Today’s post comes from National Archives Office of Strategy and Communications staff writer Rob Crotty.
The National Archives is a behemoth of information.
There are 10 billion or so pages of documents and hundreds of thousands of reels of motion picture footage, all spread out among regional archives, Presidential libraries, and Federal Records Centers to name a few. But the National Archives family is bigger than just that: we’ve also got the Federal Register and administer the Electoral College, along with the National Declassification Center and plenty of other organizations.
Because of this, navigating through the National Archives—digitally or otherwise—can get a little intimidating. That’s why we here at Pieces of History have put together a top 10 list of some of our favorite haunts in the digital world of the National Archives. By no means is this an official list, or a complete one, or an authoritative compendium/finding aid/compass to navigate the Archives. But it isn’t a bad place to start. Have a NARA website you love, but we missed? Let us know!
10) The Federal Register. Admittedly, this might not look like much now, but FR 2.0, a private/public web site overhaul of the Federal Register, goes live on July 26 and will blow your mind. The sneak peeks show a sleek and user-friendly website that has finally harnessed the power of the contents of the Federal Register. So what is the Federal Register? It’s the newspaper of the Federal Government, created by President Franklin Roosevelt to inform the public about everything that’s going on in the Federal Government.
9) Regional History from the National Archives. Flu pandemics, giant earthquakes, Elvis! The National Archives across the country has a bevy of interesting artifacts, of which just a few gems are shared on this site. Of particular enjoyment is Atlanta’s antiquated booklet that was intended to “assist male bosses in supervising their new female employees at RCA plants.”
8 ) The Presidential Timeline. Herbert Hoover never looked so good! A collaborative project within the Presidential library system, this flash web site has photo galleries, exhibits, and resources for educators relating to each of the Presidents within the Presidential library system at the time of its creation (12, all told). Each section on the Presidents highlights a world event that defined that President’s legacy (Vietnam for Ford, the Depression for Hoover, the Iranian hostage crisis for Carter), complete with original documents. (Mr. Hoover has a pretty kickin’ blog, too, if you haven’t seen it.)
7) Featured Exhibits. While you have to be in Washington, DC, to catch the latest exhibit on at the National Archives, the retinue of related online exhibits is enough to spend an entire day sorting through, from eyewitness accounts of the assassination of Abe Lincoln to some peculiar images of how Americans used to work.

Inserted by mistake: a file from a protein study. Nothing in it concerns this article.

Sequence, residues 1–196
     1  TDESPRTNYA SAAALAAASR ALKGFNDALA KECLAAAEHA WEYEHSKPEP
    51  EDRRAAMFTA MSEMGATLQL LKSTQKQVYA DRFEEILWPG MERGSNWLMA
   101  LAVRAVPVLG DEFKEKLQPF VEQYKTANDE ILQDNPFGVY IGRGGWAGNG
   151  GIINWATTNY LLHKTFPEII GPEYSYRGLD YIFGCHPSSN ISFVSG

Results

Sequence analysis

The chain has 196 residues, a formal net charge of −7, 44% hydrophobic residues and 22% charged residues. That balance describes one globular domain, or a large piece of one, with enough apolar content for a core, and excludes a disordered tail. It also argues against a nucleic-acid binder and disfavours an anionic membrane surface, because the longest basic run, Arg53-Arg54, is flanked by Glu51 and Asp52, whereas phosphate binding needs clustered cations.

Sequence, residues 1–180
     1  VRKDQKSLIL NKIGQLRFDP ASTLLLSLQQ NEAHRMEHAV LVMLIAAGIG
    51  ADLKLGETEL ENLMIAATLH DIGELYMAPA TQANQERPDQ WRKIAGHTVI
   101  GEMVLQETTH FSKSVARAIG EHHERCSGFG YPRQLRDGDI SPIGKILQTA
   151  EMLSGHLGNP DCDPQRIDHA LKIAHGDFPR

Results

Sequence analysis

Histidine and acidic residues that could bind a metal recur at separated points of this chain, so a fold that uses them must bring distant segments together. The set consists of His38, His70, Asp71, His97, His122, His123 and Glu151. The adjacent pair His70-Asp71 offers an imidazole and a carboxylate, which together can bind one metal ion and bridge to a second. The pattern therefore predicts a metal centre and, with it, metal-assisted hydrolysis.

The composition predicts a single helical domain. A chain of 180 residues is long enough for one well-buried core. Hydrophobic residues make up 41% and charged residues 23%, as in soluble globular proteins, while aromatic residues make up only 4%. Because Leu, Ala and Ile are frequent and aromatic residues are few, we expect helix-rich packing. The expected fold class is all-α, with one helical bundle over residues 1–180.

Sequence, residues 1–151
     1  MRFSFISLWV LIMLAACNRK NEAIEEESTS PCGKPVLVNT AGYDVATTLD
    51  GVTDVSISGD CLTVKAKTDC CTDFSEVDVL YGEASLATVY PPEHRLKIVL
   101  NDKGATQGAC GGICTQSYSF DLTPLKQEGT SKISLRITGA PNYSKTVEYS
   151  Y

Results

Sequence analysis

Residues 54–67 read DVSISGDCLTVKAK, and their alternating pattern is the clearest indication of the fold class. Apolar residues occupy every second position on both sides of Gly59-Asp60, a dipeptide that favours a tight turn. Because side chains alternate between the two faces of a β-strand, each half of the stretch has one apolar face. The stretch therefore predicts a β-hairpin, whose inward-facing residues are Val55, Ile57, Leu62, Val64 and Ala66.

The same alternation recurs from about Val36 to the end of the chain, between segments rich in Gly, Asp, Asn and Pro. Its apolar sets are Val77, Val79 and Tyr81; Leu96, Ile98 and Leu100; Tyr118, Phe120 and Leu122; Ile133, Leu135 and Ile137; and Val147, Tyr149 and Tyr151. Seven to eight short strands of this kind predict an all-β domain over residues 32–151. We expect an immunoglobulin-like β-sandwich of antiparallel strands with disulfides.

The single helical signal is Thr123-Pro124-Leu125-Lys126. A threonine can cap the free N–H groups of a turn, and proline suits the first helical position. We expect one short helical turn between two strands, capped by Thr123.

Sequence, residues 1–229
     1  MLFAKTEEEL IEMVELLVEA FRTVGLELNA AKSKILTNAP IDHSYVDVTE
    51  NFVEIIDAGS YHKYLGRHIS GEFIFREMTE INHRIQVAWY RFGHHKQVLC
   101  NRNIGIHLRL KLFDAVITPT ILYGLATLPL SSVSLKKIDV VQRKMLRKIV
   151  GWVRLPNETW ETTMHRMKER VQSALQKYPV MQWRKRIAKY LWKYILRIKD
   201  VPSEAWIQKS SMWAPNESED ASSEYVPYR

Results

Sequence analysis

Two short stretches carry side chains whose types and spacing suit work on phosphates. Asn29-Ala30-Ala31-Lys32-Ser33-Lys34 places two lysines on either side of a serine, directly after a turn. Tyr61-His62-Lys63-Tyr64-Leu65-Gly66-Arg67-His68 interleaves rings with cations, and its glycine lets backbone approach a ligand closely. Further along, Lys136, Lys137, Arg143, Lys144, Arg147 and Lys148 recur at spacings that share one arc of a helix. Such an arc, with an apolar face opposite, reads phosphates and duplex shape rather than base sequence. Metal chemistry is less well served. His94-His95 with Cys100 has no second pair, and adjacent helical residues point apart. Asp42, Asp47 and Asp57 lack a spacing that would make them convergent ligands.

6) Facebook. The National Archives Facebook pages are fantastic forums for folks to share their latest archival discoveries and get tips from experts and fellow researchers. Highlights include the Foundation for the National Archives‘ “Mystery Monday,” anything put out by the experts at the Preservation Programs of the U.S. National Archives who are making old new again, and the National Archives at Chicago, which manages to post on everything from locating headstones and mafia history to Cracker Jack discoveries.
5) ARC. It may not have the pizazz of Flickr or YouTube, but the Archival Research Catalog (ARC) remains the authoritative gateway to all things archival, be it documents, video, photos or audio. ARC might take a bit of getting used to, but where else does a search for “palm tree” return pictures of a baby Gerald Ford, indigenous art, and an abandoned car in the tropics? (For more user-friendly searches in the meantime, our Flickr and YouTube pages do the trick but aren’t nearly as extensive.)
4) Presidential Podcasts. Is that JFK in your pocket, or are you just happy to have discovered that some of our Presidents’ most memorable speeches are available as podcasts? The Harry S. Truman and John F. Kennedy Presidential Libraries—along with “Presidential Archives Uncovered,” which has a smattering of speeches from the Presidential libraries—have dozens of audio and video clips of some of the most famous speeches in American history.
3) DocsTeach This web site of teachers, by teachers, and for teachers shall not perish from our servers anytime soon. The recently opened DocsTeach is a veritable playground for instructors to build, share and (respectfully) pilfer lesson plans from one another to help educate students. The glossy interface, ease of use, and ability to collaborate has taken history out of textbooks and into the 21st century.
2) Our Documents. A while back, US News and World Report, in partnership with the National Archives, asked a swath of Americans to vote on what they considered the 10 documents most essential to democracy in America. The 10 “milestone documents,” along with 90 other significant documents are all presented here, with explanation, in high resolution copy.
1) The Digital Vaults. Voted by Time magazine as one of the 50 best web sites on the Internet, the National Archives Experience’s “Digital Vaults” is like touring the dendrite connections of an Archivist who just knows too much. Clicking one document in the archival ether shows a handful of documents related to the one you clicked–either by chronology, subject, or even media type. For those looking for more structure, select the “pathways” button at the bottom and get a guided tour of, well, pretty much anything (Little House on the Prairie, Abraham Lincoln, war propaganda, etc.)